Upon his assimilation into the minor leagues, he was repeatedly advised by coaches to revert to a more conventional grip. Being an 18-year-old in professional baseball, it must’ve been pretty hard to say no, and he quickly obliged. Despite having to re-re-overhaul his mechanics, however, Grisham avoided any actual struggles. His wRC+ (which encompasses a player’s overall production and accounts for the league environment) in his minor league career never dipped below an above-average 105 (5% better than league average) despite him constantly doing battle with opponents that were older, more experienced and more physically developed.
Looking deeper into his profile reveals that how he produced these numbers were no flukes, either. As a professional, Grisham has not once walked less than in 14% of a season’s plate appearances or struck out more than 26% of the time, and both “lows” occurred in his age-19 season, which also happened to be his first year of A-ball. He’s also hit more fly balls than ground balls over the last 3 years, a feat that is seemingly appreciated more by MLB front offices every year.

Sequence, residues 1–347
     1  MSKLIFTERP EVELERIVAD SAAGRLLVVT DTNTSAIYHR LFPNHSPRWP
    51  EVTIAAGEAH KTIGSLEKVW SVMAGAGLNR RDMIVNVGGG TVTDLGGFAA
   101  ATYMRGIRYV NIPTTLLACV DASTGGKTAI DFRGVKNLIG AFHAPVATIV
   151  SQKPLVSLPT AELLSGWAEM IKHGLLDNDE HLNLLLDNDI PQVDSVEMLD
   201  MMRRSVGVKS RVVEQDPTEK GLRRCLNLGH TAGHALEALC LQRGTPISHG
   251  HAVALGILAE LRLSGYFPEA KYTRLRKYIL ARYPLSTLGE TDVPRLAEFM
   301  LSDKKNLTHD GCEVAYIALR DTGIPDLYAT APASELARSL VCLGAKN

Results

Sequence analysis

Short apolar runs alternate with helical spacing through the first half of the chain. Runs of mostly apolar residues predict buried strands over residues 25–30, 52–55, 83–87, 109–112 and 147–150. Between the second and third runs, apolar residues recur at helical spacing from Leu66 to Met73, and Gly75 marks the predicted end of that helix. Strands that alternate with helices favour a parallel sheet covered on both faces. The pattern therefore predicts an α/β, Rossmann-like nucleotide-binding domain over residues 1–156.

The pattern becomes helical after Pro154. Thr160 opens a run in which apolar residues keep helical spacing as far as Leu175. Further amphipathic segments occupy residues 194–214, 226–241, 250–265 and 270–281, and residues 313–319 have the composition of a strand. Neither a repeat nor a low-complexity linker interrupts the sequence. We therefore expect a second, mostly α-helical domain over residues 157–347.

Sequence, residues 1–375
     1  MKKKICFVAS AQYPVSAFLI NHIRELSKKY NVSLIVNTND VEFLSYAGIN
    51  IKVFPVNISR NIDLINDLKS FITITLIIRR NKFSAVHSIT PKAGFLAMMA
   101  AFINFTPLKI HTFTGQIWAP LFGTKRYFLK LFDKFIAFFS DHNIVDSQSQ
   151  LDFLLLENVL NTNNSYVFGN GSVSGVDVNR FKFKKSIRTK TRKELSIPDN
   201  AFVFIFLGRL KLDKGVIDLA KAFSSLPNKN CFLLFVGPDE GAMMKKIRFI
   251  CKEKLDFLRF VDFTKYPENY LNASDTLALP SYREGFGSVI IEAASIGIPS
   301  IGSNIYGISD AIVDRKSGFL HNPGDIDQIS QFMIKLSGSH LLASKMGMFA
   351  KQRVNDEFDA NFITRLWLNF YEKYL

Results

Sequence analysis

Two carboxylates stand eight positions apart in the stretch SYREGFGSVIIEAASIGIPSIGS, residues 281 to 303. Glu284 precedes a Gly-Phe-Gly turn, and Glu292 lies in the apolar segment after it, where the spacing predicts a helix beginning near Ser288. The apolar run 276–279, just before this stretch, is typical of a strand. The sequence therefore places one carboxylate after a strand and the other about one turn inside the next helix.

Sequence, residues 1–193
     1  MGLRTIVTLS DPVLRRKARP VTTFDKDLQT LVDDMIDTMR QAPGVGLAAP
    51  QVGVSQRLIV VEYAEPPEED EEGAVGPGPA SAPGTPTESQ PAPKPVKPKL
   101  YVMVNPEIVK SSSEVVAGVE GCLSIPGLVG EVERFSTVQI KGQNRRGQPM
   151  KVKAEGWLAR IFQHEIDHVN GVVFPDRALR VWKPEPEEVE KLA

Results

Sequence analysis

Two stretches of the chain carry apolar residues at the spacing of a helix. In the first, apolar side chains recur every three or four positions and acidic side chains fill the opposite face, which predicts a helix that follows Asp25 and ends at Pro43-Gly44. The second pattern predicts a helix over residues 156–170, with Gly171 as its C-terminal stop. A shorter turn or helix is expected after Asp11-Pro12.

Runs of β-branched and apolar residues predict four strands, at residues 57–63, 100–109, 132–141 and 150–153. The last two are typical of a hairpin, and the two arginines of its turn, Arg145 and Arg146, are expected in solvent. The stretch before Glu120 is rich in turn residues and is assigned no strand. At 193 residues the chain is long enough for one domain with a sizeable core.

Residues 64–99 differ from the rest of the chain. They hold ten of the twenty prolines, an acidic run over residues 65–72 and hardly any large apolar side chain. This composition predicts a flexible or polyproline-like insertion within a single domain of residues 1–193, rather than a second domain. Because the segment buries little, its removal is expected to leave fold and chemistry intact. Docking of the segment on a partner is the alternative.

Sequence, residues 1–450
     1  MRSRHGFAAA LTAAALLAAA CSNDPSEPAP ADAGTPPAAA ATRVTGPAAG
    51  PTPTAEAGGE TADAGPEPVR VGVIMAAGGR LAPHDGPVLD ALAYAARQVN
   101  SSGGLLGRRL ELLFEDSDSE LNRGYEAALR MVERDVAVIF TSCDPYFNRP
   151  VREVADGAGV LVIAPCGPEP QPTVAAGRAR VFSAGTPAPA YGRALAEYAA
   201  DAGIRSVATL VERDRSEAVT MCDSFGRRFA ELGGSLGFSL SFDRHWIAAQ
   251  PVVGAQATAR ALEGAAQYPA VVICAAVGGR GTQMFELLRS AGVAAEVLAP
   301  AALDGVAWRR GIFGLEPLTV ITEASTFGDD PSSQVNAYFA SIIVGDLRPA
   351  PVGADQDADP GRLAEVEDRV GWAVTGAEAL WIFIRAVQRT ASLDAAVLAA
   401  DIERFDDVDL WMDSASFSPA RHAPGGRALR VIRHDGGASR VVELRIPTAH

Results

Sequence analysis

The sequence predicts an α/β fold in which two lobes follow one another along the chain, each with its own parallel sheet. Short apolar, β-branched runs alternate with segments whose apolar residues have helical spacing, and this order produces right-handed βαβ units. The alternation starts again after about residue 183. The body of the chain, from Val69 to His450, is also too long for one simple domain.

Now, all of this is great, a skeptic might say, but what about the higher levels of the minors, where stats actually start to matter? Well, I’m glad you asked! As far as the minor leagues go, one cannot find a tougher obstacle than Triple-A, where the average player is approaching 27 years of age and a good chunk of them have already recorded productive stretches of big-league play. Being the aggressive organization that they are, the Milwaukee Brewers challenged 22-year-old Grisham on June 20 to show that he could routinely outperform the best that the Pacific Coast League had to offer. And outperform them he did, responding with a scorching slash line of .381/.471/.776, hitting 13 home runs in 34 games and producing runs at a rate 92% better than those other big, bad sluggers at the peak of their powers. Only two hitters in all of Triple-A could match that production in at least as many plate appearances (158): elite Dodgers prospect Gavin Lux and Padres major-leaguer Ty France. In the (significant) sample size of more than a months-worth of playing time, Grisham walked more than he struck out, hit for a high batting average, and repeatedly blasted the ball over the fence while also chipping in 6 stolen bases in only 7 tries.